I’ve recently returned from a fantastic trip to the USA. Our first stop was Moss Landing in California to visit the amazing and talented Dr Jenifer Zeligs of Animal Training and Research International. Dr Zeligs runs a research centre for animal behaviour called SLEWTHS – Science Learning and Exploration With the Help of Sea Lions. We were excited to visit her marine mammal research centre to see the rescued Sea Lions receive their care and training.
The Rescued Sea Lions
These Sea Lions are trained with many of the same techniques that I use in dog training and can be used for many different animals. Sea Lions are cheeky and energetic – like the dogs of the sea. Their excitement to get started on their training (and food) for the day reminded me a lot of dogs predicting exciting times in their daily routines, like feed time, walk time and of course, training time!
All of the sea lions in care at SLEWTHS are rescued animals that are not suitable for release into the wild.
For example, Cali is a Sea Lion that survived demonic acid poisoning as a premature pup, leaving her with health and behavioural issues and having to be hand raised. She is now doing well at SLEWTHS and she is the Sea Lion that we got to meet up close during our time there.
In this short video, you can see Jamie and I giving Cali a pat and receiving a kiss! If you watch and listen carefully you can see some of the clear cues that the trainers give to Cali, and that she knows exactly what each one means.
If I had to choose two big take aways that I learned from seeing the high level training at the facility it would be that clear communication is critical and the importance of teaching animals to be safely handled for things like medical procedures and safe interactions takes priority.
I think these are both important lessons that everyone can benefit from for their pets or any animals in their care and so they are the ones I want to share with you most.
The animal you’re training has to understand exactly what you mean when you use a word or body signal. It’s not that I didn’t know this, but it’s something so important that it’s good to be reminded. Seeing the clear communication system of the trainers was a great reminder on how to do this expertly and how well it works when a clear system is in place.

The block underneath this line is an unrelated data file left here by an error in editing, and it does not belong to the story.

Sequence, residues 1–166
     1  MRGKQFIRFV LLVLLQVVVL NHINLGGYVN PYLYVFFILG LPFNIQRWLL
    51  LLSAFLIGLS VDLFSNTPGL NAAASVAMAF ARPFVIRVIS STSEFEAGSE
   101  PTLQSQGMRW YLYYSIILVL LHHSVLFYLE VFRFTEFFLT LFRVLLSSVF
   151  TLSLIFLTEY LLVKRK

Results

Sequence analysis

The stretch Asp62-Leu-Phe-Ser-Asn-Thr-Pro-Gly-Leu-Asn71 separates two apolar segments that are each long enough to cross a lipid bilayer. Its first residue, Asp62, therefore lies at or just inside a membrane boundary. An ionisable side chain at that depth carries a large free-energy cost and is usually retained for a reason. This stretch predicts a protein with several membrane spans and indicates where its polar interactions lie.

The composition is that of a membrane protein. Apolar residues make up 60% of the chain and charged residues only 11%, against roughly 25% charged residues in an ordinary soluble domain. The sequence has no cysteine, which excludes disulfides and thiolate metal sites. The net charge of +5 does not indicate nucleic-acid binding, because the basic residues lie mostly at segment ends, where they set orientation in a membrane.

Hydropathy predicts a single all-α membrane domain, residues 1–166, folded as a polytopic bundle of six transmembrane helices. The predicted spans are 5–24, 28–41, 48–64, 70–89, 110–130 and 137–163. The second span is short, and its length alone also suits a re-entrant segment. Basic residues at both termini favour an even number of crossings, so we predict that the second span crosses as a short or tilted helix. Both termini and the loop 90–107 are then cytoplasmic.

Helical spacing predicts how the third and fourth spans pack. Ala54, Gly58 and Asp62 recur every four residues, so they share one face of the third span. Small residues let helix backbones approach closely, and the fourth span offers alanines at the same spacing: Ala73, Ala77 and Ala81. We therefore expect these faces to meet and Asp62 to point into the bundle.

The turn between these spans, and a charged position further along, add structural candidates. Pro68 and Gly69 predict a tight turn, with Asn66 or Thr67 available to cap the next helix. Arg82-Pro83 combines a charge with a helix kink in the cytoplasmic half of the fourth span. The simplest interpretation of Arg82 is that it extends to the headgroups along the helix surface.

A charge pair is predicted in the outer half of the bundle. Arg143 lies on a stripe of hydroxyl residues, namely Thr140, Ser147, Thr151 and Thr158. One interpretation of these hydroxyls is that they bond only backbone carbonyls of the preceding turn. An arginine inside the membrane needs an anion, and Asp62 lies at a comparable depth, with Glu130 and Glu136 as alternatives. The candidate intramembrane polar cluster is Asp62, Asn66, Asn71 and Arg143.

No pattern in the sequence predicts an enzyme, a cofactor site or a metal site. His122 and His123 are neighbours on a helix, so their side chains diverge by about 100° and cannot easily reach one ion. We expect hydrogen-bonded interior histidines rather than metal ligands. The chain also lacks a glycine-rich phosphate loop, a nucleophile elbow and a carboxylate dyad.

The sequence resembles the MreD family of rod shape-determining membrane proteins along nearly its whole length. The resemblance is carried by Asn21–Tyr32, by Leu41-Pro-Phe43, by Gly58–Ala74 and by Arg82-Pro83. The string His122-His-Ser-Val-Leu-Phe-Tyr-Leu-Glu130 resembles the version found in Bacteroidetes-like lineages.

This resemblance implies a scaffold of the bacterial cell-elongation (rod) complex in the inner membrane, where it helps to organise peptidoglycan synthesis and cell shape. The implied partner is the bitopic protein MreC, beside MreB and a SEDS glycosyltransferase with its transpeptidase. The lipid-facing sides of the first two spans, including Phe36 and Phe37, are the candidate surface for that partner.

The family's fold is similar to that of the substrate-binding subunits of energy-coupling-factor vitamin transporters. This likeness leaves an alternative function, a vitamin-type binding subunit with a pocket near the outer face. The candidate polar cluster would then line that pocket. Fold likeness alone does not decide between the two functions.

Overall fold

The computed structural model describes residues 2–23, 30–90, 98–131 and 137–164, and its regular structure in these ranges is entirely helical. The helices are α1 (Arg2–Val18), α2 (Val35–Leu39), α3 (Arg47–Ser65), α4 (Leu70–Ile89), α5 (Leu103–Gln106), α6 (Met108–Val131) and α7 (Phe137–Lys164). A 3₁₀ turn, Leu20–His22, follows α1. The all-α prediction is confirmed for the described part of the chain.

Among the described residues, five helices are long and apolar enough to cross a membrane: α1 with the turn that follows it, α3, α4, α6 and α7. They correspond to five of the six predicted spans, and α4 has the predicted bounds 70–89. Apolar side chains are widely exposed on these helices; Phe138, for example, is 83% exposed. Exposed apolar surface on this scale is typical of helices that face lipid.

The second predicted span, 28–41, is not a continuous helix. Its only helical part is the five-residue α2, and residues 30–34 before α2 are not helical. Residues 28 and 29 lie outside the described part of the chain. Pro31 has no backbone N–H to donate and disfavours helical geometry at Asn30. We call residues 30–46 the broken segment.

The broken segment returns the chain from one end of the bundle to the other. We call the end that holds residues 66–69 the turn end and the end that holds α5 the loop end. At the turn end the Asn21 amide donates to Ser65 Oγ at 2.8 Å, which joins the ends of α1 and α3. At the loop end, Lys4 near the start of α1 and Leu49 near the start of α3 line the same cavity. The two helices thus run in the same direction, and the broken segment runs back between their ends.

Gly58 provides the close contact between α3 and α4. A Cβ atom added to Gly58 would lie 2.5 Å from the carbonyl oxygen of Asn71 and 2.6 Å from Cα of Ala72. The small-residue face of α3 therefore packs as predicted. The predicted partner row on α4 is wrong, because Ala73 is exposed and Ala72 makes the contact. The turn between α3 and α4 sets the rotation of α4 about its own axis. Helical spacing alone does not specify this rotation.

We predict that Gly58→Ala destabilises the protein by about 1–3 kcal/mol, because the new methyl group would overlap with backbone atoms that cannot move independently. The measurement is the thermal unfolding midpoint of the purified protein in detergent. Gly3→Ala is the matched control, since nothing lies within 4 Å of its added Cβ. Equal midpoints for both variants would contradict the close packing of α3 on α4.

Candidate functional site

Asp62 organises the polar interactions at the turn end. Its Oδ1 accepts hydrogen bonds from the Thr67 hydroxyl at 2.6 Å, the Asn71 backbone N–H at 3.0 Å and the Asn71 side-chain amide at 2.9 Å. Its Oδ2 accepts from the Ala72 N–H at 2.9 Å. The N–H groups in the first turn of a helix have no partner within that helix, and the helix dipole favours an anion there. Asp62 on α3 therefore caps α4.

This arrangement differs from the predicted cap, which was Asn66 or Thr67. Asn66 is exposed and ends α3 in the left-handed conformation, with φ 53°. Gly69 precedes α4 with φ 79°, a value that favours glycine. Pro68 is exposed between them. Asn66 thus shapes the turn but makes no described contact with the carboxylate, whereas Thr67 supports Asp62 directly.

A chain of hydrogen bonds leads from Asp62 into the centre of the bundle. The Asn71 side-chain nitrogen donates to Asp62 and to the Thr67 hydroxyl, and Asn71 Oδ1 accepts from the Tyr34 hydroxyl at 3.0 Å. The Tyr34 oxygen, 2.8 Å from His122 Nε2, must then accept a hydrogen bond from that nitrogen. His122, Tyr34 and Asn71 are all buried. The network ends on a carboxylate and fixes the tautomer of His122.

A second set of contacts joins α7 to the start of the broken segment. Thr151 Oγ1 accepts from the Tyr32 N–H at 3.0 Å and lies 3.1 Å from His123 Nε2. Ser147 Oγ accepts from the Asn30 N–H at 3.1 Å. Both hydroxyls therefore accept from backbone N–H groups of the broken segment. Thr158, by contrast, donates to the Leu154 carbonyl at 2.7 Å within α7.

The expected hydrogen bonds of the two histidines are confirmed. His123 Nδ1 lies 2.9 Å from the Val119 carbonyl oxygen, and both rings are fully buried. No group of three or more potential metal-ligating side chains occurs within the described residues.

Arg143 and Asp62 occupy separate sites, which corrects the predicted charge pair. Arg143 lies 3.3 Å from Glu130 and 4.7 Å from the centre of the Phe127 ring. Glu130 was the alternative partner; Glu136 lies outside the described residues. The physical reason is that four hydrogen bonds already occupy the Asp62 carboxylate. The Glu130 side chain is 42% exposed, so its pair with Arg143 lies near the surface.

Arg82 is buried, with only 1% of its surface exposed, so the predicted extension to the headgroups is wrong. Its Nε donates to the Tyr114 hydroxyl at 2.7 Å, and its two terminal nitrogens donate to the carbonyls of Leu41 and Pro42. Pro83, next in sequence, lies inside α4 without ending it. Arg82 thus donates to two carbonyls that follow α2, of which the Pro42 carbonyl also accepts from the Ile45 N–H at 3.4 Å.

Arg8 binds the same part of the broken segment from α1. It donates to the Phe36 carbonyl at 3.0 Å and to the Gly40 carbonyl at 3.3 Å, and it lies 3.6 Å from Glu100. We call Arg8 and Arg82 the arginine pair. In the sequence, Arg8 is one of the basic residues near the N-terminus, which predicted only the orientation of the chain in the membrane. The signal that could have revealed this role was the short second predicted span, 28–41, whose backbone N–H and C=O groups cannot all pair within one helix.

How can you improve your communication to your dog?
Does your dog know what you want when you give them a cue?
Do you have a way to tell your dog when they are close or when they are off course?
Or when they’ve got it right?
Is your timing on point when they get it right or wrong?
Every time you train with your dog or expect them to obey a command, check with yourself that you know they can understand what you want from them.
Remember that animals learn by association and prediction – so if you are teaching a new word, you need to be able to clearly show them what it means immediately after you say it.
Handling For Medical Procedures That Lowers Stress And Improves Safety
Every animal in captivity under our care needs medical attention at some point. Our pet animals need it quite regularly. But going to the vet or being handled by strangers can be highly stressful and even make medical issues worse or cause long term psychological harm.
We think about training obedience commands, skills for dog sports and even tricks and often train for medical handling last, if at all.
OR commonly, we train for it when our dogs are young puppies which is great, except then we stop. I’ve been guilty of this myself and my dogs are now getting training for this thanks to the inspiring work of Dr Zeligs and her team.
It really showed me that there are so many benefits and it’s so important for both the animal and us.
Some examples you might want to start teaching to help make medical exams and physical handling less stressful and safer for your pet are holding still on a nose target while accepting physical touch on other body areas, paw examinations and calm restraint.
Did you know that this training is even being used to have large animals like lions come up to the side of their enclosure and offer their side for an injection voluntarily?
Or for tooth removal on a sea lion while awake, voluntarily holding her mouth open while the tooth is removed…
How cool is that?
All taught with that clear communication system we were talking about before.
I’ll be going into more detail about the words we use and how in an upcoming post. Make sure you join our free membership to receive free training and get notified when I release new free training videos and blogs so that you can use the same techniques with your dog as what’s used on the sea lions!